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Mol. Cells 2007; 23(2): 145-153

Published online April 30, 2007

© The Korean Society for Molecular and Cellular Biology

Isolation of Circadian-associated Genes in Brassica rapa by Comparative Genomics with Arabidopsis thaliana

Jin A Kim, Tae-Jin Yang, Jung Sun Kim, Jee Young Park, Soo-Jin Kwon, Myung-Ho Lim, Mina Jin, Sang Choon Lee, Soo In Lee, Beom-Soon Choi, Sang-Hee Um, Ho-Il Kim, Changhoo Chun, Beom-Seok Park

Abstract

Elucidation of the roles of circadian associated factors requires a better understanding of the molecular mechanisms of circadian rhythms, control of flowering time through photoperiodic pathways, and photosensory signal transduction. In Arabidopsis, the APRR1 quintet, APRRs 1, 3, 5, 7, and 9, are known as central oscillator genes. Other plants may share the molecular mechanism underlying the circadian rhythm. To identify and characterize these circadian response genes in Brassica crops whose genome was triplicated after divergence from Arabidopsis, we identified B. rapa BAC clones containing these genes by BLAST analysis of B. rapa BAC end sequences against the five corresponding Arabidopsis regions. Subsequent fingerprinting, Southern hybridization, and PCR allowed identification of five BAC clones, one for each of the five circadian-related genes. By draft shotgun sequencing of the BAC clones, we identified the complete gene sequences and cloned the five expressed B. rapa circadian-associated gene members, BrPRRs 1, 3, 5, 7, and 9. Phylogenetic analysis revealed that each BrPRR was orthologous to the corresponding APRR at the sequence level. Northern hybridization revealed that the five genes were transcribed at distinct points in the 24 hour period, and Southern hybridization revealed that they are present in 2, 1, 2, 2, and 1 copies, respectively in the B. rapa genome, which was triplicated and then diploidized during the last 15 million years.

Keywords Brassica rapa; BAC End Sequence;, Circadian-associated Genes; Comparative Genomics

Article

Research Article

Mol. Cells 2007; 23(2): 145-153

Published online April 30, 2007

Copyright © The Korean Society for Molecular and Cellular Biology.

Isolation of Circadian-associated Genes in Brassica rapa by Comparative Genomics with Arabidopsis thaliana

Jin A Kim, Tae-Jin Yang, Jung Sun Kim, Jee Young Park, Soo-Jin Kwon, Myung-Ho Lim, Mina Jin, Sang Choon Lee, Soo In Lee, Beom-Soon Choi, Sang-Hee Um, Ho-Il Kim, Changhoo Chun, Beom-Seok Park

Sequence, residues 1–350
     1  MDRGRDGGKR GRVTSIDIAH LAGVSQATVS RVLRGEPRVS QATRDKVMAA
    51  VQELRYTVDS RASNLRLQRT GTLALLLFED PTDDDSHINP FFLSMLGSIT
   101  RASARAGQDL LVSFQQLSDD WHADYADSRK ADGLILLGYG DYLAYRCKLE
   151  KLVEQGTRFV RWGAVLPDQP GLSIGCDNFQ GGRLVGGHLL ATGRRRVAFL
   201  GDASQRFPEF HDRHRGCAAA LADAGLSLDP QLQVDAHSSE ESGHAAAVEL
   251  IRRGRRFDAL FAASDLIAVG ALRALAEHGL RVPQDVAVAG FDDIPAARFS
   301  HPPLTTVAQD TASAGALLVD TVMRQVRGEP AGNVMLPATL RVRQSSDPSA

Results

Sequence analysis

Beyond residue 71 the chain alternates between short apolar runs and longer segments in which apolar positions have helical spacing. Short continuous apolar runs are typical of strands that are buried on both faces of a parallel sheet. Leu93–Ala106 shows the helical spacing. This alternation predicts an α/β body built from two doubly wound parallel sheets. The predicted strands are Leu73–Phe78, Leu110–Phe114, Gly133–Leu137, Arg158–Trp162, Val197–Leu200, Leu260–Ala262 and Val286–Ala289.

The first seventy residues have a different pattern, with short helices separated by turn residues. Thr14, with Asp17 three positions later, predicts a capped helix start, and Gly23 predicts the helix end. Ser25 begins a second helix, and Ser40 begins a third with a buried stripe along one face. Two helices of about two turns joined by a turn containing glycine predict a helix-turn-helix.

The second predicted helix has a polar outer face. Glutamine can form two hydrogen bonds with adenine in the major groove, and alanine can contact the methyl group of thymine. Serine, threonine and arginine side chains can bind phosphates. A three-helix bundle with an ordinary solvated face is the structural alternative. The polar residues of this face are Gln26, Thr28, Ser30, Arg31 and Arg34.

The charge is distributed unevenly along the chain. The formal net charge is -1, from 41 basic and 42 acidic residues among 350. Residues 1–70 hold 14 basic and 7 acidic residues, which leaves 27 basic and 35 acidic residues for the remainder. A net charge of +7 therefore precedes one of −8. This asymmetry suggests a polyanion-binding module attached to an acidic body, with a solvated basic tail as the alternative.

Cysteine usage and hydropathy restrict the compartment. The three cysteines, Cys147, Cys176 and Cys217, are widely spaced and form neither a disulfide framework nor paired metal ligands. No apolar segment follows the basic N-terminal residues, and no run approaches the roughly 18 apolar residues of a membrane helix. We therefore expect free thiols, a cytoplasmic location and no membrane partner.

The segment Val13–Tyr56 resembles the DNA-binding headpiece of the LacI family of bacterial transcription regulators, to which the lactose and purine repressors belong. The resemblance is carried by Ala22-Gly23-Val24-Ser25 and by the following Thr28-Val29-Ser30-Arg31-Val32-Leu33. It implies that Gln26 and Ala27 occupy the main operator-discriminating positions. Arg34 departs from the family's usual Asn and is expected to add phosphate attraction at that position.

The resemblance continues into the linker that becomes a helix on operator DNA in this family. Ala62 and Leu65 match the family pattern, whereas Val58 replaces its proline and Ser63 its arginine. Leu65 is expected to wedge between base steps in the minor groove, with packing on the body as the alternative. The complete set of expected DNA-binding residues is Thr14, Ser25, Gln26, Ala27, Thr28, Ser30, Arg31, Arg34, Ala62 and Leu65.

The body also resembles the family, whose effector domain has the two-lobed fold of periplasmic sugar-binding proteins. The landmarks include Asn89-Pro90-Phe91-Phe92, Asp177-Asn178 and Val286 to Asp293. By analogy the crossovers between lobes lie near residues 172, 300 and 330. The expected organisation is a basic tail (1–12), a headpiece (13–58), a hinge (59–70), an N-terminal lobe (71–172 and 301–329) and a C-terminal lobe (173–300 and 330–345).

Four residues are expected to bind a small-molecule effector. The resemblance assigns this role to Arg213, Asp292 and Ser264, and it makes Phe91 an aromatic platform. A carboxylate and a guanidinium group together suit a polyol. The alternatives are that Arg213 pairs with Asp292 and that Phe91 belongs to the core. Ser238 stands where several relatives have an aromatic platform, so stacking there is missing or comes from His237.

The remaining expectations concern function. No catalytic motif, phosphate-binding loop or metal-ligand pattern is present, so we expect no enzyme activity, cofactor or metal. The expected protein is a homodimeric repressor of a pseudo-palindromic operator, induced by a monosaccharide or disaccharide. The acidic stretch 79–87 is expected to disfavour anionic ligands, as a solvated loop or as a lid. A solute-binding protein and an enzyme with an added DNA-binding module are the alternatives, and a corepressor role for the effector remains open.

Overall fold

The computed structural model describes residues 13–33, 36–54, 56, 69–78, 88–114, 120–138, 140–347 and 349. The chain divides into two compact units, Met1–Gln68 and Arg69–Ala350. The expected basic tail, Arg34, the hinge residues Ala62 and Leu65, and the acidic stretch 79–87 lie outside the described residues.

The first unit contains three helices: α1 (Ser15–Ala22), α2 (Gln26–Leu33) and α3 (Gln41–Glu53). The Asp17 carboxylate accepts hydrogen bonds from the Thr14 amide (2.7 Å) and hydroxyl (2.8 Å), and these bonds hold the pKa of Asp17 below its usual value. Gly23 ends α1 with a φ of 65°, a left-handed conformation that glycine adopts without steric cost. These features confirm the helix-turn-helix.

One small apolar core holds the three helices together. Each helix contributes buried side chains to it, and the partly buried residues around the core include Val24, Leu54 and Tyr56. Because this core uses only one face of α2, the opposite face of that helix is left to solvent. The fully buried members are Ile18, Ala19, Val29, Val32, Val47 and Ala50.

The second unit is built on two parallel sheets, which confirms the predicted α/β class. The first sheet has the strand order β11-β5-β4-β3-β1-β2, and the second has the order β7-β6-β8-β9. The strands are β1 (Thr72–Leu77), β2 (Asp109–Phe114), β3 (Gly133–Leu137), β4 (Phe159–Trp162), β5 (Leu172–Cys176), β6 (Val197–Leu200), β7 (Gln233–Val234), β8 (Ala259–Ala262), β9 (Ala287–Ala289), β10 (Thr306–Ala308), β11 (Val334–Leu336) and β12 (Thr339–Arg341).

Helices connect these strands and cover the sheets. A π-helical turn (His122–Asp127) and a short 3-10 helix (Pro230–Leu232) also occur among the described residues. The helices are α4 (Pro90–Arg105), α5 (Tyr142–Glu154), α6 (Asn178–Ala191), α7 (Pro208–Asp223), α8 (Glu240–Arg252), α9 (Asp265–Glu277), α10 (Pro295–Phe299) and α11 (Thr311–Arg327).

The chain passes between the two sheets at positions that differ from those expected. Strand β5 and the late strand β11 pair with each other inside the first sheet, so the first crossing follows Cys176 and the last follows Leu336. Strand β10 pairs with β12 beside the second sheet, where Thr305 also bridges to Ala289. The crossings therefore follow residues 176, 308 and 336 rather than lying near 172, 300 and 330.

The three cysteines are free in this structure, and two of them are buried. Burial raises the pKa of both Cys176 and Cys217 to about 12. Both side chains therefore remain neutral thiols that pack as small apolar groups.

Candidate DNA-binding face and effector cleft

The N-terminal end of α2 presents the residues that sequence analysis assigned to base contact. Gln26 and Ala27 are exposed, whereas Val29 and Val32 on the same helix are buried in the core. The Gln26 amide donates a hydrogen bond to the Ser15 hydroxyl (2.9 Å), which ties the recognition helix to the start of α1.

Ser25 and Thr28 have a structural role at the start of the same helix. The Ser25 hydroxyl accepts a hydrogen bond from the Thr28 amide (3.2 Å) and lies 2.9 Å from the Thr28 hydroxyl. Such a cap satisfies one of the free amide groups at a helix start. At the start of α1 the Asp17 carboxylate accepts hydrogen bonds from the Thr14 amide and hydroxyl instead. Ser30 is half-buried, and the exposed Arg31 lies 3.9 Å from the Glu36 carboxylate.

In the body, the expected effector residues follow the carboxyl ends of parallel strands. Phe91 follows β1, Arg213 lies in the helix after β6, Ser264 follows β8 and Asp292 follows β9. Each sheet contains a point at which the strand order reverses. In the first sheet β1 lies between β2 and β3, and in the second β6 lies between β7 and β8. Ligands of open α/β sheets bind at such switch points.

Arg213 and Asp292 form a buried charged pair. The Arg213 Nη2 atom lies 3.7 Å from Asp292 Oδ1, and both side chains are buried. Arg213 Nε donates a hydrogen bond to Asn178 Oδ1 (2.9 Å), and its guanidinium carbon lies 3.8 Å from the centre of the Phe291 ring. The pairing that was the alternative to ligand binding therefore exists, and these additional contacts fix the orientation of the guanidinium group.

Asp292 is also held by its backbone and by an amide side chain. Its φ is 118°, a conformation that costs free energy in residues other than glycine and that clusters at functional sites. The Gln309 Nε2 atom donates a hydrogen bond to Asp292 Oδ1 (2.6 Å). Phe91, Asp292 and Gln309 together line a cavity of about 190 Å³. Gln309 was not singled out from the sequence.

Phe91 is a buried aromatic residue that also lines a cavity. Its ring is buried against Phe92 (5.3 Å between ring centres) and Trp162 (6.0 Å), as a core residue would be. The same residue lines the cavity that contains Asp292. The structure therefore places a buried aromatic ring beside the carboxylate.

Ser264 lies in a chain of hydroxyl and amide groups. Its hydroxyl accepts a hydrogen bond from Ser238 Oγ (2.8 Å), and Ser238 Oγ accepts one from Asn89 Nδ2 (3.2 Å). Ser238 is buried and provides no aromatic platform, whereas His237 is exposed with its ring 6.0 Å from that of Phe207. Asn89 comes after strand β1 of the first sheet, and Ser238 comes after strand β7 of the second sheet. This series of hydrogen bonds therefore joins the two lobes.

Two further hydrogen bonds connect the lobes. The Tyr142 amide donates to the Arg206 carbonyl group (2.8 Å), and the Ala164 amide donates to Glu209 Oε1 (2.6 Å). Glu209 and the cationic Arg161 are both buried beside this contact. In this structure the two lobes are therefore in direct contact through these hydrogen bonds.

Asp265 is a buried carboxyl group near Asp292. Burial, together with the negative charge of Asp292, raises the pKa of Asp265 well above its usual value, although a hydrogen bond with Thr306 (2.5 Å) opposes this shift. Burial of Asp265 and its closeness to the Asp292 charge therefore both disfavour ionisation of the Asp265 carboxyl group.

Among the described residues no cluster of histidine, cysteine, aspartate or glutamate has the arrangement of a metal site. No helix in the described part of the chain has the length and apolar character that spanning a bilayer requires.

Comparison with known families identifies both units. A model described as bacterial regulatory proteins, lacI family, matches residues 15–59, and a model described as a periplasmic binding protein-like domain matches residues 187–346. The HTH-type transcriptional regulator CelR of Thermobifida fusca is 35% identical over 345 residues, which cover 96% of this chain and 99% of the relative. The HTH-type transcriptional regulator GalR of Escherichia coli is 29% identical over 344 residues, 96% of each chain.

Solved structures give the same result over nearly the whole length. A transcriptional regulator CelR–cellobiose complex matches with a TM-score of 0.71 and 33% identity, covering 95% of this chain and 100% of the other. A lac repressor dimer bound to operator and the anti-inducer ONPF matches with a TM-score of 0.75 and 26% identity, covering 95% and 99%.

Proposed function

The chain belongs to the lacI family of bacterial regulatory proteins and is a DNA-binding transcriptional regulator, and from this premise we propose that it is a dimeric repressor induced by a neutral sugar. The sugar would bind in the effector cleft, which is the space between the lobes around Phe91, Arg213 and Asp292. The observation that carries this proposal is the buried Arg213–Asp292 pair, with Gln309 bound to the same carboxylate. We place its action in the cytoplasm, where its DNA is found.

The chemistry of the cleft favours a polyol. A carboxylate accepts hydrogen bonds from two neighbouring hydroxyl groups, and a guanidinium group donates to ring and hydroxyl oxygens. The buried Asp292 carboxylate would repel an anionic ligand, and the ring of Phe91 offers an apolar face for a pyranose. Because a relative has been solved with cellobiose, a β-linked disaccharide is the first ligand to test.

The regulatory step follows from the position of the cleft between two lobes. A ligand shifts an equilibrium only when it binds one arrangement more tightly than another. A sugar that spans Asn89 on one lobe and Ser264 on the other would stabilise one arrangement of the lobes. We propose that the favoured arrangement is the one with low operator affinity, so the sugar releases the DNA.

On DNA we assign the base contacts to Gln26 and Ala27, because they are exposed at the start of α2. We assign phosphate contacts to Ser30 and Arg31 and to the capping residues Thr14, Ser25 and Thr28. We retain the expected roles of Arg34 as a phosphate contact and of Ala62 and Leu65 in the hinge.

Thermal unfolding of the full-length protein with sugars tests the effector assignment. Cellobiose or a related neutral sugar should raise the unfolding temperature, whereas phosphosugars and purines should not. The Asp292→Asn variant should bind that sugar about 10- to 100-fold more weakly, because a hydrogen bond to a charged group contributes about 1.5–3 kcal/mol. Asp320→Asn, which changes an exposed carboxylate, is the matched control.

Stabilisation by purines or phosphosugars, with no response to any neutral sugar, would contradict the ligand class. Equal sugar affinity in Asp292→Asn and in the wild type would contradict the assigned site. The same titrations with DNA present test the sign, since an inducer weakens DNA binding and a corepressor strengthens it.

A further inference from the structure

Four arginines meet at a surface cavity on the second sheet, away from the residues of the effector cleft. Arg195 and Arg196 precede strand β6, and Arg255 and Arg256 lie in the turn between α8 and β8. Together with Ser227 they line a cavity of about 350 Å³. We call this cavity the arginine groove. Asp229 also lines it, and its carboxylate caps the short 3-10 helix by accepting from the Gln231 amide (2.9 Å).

Abstract

Elucidation of the roles of circadian associated factors requires a better understanding of the molecular mechanisms of circadian rhythms, control of flowering time through photoperiodic pathways, and photosensory signal transduction. In Arabidopsis, the APRR1 quintet, APRRs 1, 3, 5, 7, and 9, are known as central oscillator genes. Other plants may share the molecular mechanism underlying the circadian rhythm. To identify and characterize these circadian response genes in Brassica crops whose genome was triplicated after divergence from Arabidopsis, we identified B. rapa BAC clones containing these genes by BLAST analysis of B. rapa BAC end sequences against the five corresponding Arabidopsis regions. Subsequent fingerprinting, Southern hybridization, and PCR allowed identification of five BAC clones, one for each of the five circadian-related genes. By draft shotgun sequencing of the BAC clones, we identified the complete gene sequences and cloned the five expressed B. rapa circadian-associated gene members, BrPRRs 1, 3, 5, 7, and 9. Phylogenetic analysis revealed that each BrPRR was orthologous to the corresponding APRR at the sequence level. Northern hybridization revealed that the five genes were transcribed at distinct points in the 24 hour period, and Southern hybridization revealed that they are present in 2, 1, 2, 2, and 1 copies, respectively in the B. rapa genome, which was triplicated and then diploidized during the last 15 million years.

Keywords: Brassica rapa, BAC End Sequence,, Circadian-associated Genes, Comparative Genomics

Mol. Cells
Aug 31, 2022 Vol.45 No.8, pp. 513~602
COVER PICTURE
Cryo-EM structure of human porphyrin transporter ABCB6 (main figure) shows that binding of hemin (inset, magenta) in concert with two glutathione molecules (cyan) primes ABCB6 for high ATP turnover (Kim et al., pp. 575-587).

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